I struggled a lot selecting a digital interaction for my final paper. I’ve been perusing all the blog postings and comments every other day to get some ideas based on what others are doing. I had originally started doing a phenomenological analysis of the innovative interactive technology used by the restaurant in London I talked about in my latest posting. However, I felt that I didn’t have a strong claim. Then, after realizing that everybody else is going for semiotics I recognized the importance of putting into practice these new concepts and decided to use a semiotics approach as well.

Then, as I was doing Xmas shopping I came across with something which I considered quite interesting: videogames for toddlers. Probably they have been around for many years; I’m not an expert on this particular market segment. However, what it immediately caught my attention was all the semiotic texts used in the product boxes for parents to buy the product (I guess that the reality is that after taking Jeff’s class we will see any product in a very different way). In general, it seems to me that videogames for kids are establishing a discourse: they seem to be using features from “real” videogames; they seem to claim having an educational focus; they seem to claim that kids will be actively engaged with them; and that kids will have lots of fun playing with them. 

I do not pretend to affirm that this kind of videogames have a positive or a negative impact for the kids. I would need compelling and reliable empirical studies to do that. My argument will simply be that the real addressees of these products are not the kids, but the parents, and that the companies are using texts specifically designed for kids’ parents to entice them about the purported usefulness of the product.

I will narrow my paper to one single product: the Fisher-Price “Smart Fit Park” videogame. This game uses a technology reminiscent of the old-fashioned Nintendo Entertainment System’s Power Pad (I guess most of you are too young to have used it 🙂 ). Anyway, I will briefly mention few examples of the texts that I am planning to cover to sustain my argument: 1) In the product’s box, none of the kids playing the game are actually looking at the TV; two of them are actually looking at you (the buyer), smiling while “exercising” walking down the digital park or jumping the digital rope. 2) Interestingly, the first feature listed in the box is the ability to “customize your character” which is a feature that would be highly appreciated for current players of MMORPG or virtual world’s residents. 3) I’m not sure why, but the box does not say at all that the product is a videogame even though it is.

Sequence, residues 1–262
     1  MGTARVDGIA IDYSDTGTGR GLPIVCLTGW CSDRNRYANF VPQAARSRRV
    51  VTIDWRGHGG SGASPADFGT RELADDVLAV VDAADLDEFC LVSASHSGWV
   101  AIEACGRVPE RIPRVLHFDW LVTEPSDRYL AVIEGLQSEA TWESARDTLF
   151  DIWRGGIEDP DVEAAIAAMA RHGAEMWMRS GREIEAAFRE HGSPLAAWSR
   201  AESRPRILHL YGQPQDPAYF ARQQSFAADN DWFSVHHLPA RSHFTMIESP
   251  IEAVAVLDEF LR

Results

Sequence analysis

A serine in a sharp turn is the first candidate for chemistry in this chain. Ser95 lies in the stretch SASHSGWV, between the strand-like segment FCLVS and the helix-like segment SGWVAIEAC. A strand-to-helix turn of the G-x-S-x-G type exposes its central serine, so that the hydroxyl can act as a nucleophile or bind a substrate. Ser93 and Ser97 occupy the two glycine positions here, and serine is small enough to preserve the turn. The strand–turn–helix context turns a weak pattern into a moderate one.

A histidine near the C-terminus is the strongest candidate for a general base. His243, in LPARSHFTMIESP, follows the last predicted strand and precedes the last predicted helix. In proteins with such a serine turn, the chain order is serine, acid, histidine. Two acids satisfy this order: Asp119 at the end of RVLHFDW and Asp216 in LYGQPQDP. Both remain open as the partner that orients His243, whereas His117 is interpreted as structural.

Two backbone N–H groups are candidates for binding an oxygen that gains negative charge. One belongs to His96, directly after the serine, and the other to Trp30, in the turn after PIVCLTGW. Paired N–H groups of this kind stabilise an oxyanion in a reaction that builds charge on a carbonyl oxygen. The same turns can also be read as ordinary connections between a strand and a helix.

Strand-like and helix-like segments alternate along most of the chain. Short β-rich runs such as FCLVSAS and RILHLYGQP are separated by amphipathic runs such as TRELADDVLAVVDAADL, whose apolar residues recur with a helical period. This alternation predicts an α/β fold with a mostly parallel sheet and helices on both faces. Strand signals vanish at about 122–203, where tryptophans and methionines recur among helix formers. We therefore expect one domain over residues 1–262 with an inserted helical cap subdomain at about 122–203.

After analyzing all the signs in the game, I will also analyze the phatic relationship between the addresser and the addressee… however, I’m not sure if I should consider two types of addressees (the parent and the kids). Moreover, I will talk about how the product constructs relationships between the parents and the kids. Is there anything else that I should be talking about?

My concern regarding this type of games is that some parents might consider them as “microwave solutions”, that is, just plugging the device on the TV and putting their kids in from of it, expecting that the kid will learn all the instructional content provided by the product all by him/her self. Socialization issues are an additional concern. According to Piaget and Vygotsky, kids learn from the world around them by interacting with it, especially by socializing with other kids.

But well, Xmas is almost here and I had to buy something for Santiago, my 5 year old nephew, so I got him the Smart Fit Park.  He will be starting in a bilingual elementary school next year and I thought that this game would hopefully give him a head start in English vocabulary. I’m sure he will like it; after all, he will be able to customize his own character 😉